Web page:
Druvay Jain traveled to Singapore last spring to collect some
hardware after he and his team members took first place for their
design of a custom-fit shoe in the 2016 International 3-D Printing
The competition, organized by the Singapore Centre for 3-D
Printing at Nanyang Technological University, promotes awareness
and adoption of 3-D printing technologies. This year's assignment
required competitors to fabricate fashionable and functional
eyewear or shoes.
Jain and fellow graduate students Priyanka Nikam, Hardik Gandhi
and Anshika Chourdhary, all of the Department of Industrial and
Systems Engineering (ISE), and Weihao Qu of the Department of
Computer Science and Engineering (CSE)—got together to design
and create a shoe tailored to a person’s unique preferences
and needs. The team was guided by ISE faculty members Chi Zhou and
Lora Cavuoto, CSE faculty member Wenyao Xu and CSE research
scientist Feng Lin.
The final product was a 2-in-1 shoe that is customized to the
user’s foot with added comfort, durability, functionality and
aesthetics. The shoe is designed to be worn as a sandal or as a
closed shoe with the use of a simple slide-in system.
The students say they selected “Peace—art meets
technology to shape a better future” as the name of the shoe
to project a message of world peace. The design features
illustrations of a world map, a dove, olive leaves and the peace
symbol to help convey that message.
“We feel it’s extremely important to communicate a
message through our products that resonates with the masses and has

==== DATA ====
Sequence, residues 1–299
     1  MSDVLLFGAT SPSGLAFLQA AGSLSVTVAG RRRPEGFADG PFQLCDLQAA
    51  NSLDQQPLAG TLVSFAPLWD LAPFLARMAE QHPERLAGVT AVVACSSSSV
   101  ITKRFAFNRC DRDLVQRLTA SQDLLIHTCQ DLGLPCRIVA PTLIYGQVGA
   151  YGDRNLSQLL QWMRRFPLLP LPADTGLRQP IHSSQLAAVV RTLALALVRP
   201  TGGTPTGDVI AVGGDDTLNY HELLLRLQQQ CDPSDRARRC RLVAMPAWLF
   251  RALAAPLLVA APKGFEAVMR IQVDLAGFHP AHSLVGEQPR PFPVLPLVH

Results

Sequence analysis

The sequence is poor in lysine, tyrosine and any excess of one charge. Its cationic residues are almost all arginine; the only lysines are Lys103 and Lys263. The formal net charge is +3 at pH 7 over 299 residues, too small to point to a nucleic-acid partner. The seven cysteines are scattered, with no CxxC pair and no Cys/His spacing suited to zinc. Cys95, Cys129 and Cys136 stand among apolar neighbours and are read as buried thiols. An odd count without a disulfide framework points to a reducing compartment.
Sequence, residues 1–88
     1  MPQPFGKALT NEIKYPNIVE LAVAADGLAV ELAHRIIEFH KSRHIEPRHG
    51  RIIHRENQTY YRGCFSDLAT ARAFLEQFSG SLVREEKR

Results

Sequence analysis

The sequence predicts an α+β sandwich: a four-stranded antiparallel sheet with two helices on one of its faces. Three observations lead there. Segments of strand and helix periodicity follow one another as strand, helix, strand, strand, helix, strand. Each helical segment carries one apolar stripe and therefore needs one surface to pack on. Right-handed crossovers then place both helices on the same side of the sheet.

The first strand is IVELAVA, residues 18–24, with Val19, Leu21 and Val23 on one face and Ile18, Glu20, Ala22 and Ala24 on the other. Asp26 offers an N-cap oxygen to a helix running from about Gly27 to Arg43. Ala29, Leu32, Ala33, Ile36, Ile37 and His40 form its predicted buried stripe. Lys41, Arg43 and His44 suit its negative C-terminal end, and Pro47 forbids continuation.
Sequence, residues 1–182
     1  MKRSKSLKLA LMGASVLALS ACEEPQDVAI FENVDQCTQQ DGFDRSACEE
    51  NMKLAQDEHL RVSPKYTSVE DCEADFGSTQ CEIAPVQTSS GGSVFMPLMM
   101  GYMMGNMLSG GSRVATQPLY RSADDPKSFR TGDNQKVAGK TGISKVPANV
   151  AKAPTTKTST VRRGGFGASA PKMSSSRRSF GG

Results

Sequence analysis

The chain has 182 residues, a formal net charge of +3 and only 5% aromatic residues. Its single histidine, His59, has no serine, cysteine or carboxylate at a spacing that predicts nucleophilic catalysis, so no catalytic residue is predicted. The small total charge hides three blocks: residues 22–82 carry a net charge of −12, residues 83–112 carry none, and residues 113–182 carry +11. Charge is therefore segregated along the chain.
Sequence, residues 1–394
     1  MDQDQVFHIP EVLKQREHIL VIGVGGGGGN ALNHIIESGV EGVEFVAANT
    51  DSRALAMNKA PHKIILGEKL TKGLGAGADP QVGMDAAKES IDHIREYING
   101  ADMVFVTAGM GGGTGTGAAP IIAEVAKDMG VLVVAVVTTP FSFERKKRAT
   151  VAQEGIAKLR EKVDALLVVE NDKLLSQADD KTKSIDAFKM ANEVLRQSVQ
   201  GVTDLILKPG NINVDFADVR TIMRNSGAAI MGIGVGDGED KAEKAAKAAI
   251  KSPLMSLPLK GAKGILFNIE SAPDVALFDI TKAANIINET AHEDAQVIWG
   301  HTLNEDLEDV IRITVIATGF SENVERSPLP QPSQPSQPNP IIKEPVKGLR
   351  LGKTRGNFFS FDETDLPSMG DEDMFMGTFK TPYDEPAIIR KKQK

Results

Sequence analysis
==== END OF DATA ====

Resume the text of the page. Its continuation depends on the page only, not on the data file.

a social relevance, too,” says Jain, who led the team
Team members began working on the project in November, months
ahead of its April 8 deadline, and spent much of their time
engrossed in it. Their hard work paid off, as they won the
competition, which includes a top prize of $10,000.
“What appears to be a simple shoe design actually involved
extensive research and design challenges,” says Jain.
“We were motivated to add functionalities to the footwear and
re-design the conventional, generic shoe designs.”
As one of the group’s mentors, Zhou watched the team take
advantage of the unique features of 3-D printing, such as high
ﬂexibility, multi- functionality and high complexity, to
construct their final product.
“The participation and success of the team not only
enhanced the national and international visibility of UB in the
emerging field of advanced design and manufacturing,” says
also facilitated international education and promoted the
innovation and creativity of the next generation.”
Jain notes that the 3-D printing technology enables the students
to “bring our creative thoughts to life. It brings together
art and technology to produce some novel innovations that can pave
the way for a better future.”
Adds Zhou: “With this new technology, the only limitation
is our imagination and innovation.”
While in Singapore, Jain met with UB alumnus Andrew Tan
(BS’15), who welcomed him on behalf of UB Alumni’s
Members of the winning student team and their faculty advisors.